Despite pleas from those with common sense, Daylight Saving Time began Sunday, and will last until Nov. 3. I don’t know about you, but I already can feel the effects.
I lost a lot of sleep Saturday night and Sunday morning. Part of it was due to having to go to bed earlier, and part of it was due to waking up in the night worrying about whether I had overslept.
A lot of people missed church Sunday morning because they overslept. I walked into the adult Sunday School class, and only the adult teacher was there. Two others showed up, too, but that was it.
Meanwhile, I’ve been reading what I’ve known for years, which is that a lot of people never really get used to waking up earlier because their body’s reaction to sunlight gets thrown off.
And, according to the National Institutes of Health, this isn’t good for you:
“Circadian rhythms can influence sleep-wake cycles, hormone release, body temperature and other important bodily functions. They have been linked to various sleep disorders, such as insomnia. Abnormal circadian rhythms have also been associated with obesity, diabetes, depression, bipolar disorder and seasonal affective disorder.”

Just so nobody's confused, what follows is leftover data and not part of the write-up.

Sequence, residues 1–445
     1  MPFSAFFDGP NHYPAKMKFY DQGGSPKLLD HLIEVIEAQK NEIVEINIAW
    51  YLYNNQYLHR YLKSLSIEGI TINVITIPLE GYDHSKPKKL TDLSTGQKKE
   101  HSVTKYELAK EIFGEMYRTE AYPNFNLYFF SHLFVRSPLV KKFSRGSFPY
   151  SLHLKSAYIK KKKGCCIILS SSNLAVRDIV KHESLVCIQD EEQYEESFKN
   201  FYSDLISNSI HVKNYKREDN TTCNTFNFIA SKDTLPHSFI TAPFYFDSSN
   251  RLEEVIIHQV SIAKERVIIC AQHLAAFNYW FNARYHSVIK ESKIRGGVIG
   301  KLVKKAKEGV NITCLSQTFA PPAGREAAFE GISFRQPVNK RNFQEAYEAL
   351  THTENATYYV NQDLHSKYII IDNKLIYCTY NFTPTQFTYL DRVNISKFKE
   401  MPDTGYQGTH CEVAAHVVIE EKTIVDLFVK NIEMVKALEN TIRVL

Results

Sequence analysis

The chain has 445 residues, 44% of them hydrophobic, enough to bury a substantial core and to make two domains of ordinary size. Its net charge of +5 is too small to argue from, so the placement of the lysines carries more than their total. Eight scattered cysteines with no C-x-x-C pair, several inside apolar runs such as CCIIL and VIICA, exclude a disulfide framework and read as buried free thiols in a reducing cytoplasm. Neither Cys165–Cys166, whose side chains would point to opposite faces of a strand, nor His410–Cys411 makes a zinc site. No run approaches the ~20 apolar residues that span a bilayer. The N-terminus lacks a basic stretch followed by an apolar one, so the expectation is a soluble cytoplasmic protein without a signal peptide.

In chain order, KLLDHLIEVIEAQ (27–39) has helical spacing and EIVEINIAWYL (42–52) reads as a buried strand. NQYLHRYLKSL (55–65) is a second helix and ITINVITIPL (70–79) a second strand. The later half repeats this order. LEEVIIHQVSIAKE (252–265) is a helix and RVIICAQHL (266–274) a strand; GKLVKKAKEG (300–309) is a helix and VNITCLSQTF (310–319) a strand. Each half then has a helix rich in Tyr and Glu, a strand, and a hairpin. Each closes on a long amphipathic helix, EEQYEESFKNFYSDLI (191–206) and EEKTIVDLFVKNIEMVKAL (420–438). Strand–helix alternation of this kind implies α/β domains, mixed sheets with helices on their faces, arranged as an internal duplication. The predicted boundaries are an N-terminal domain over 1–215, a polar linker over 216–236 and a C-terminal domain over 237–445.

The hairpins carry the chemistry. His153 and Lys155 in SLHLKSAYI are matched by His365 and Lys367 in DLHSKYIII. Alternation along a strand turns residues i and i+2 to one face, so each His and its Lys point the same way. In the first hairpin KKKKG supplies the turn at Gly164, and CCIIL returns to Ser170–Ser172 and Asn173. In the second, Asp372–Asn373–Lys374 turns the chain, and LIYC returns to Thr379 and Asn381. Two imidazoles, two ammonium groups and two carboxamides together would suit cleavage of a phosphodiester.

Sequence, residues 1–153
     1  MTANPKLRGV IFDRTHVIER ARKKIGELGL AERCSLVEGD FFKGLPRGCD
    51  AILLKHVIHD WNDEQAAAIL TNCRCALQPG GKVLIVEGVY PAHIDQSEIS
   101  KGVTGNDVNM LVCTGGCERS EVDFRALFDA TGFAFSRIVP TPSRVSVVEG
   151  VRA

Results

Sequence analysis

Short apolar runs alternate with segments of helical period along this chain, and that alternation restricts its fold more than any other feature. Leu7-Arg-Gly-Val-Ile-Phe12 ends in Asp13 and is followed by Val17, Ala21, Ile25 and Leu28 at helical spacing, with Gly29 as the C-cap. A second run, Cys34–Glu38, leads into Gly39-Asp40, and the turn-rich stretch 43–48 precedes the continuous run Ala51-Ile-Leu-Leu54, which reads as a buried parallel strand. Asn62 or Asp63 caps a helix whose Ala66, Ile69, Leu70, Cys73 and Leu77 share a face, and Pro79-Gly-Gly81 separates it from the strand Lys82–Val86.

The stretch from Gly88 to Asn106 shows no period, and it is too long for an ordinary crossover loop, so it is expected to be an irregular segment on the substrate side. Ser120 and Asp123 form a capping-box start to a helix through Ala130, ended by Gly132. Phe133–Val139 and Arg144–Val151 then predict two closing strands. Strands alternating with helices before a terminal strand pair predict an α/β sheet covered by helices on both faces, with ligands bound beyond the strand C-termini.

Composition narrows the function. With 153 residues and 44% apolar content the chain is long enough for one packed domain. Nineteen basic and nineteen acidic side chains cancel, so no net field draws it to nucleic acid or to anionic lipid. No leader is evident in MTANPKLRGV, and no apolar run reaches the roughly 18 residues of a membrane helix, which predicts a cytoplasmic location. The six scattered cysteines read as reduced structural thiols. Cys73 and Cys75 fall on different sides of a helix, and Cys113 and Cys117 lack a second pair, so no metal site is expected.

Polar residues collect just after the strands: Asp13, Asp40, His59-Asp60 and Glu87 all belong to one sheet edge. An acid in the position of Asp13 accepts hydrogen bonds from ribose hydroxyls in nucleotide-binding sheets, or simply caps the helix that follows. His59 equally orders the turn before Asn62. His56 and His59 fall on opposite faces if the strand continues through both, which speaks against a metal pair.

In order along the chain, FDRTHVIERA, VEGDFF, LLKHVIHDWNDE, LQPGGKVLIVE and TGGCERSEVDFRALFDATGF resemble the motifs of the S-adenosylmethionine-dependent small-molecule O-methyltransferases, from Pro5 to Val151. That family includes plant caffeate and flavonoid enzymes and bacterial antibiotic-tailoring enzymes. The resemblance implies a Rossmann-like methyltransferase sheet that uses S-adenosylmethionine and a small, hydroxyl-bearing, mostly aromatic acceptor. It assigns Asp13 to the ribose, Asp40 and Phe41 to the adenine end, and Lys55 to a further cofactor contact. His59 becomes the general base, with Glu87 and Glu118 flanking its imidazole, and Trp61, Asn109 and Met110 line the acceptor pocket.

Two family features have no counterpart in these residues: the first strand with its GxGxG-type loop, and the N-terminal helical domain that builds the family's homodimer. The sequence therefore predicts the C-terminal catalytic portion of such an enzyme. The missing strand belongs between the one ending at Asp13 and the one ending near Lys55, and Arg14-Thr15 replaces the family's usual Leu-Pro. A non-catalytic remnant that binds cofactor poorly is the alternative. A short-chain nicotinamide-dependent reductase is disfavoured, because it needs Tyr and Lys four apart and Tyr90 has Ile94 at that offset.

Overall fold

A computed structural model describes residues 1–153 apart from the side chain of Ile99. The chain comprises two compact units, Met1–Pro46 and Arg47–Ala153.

Did you see any positives in that statement? I didn’t.
Daylight Saving Time in the spring, summer and fall is primarily a promotional gimmick for the manufacturers of barbecues, lawn chairs and other yard equipment. Which is all right.
But if it is so good, why not change the clocks permanently to Daylight Saving Time?
Arizona says “no thanks” to Daylight Saving Time, and gets along just fine. In fact, people who move to Arizona from other states wonder why their states are so stupid in their belief that setting the clocks forward somehow saves daylight.
There was also a presumption that somehow Daylight Saving Time saved energy. It hasn’t except in a few places, and in those places, the savings are minuscule.
Time to end this charade, this mass hallucination.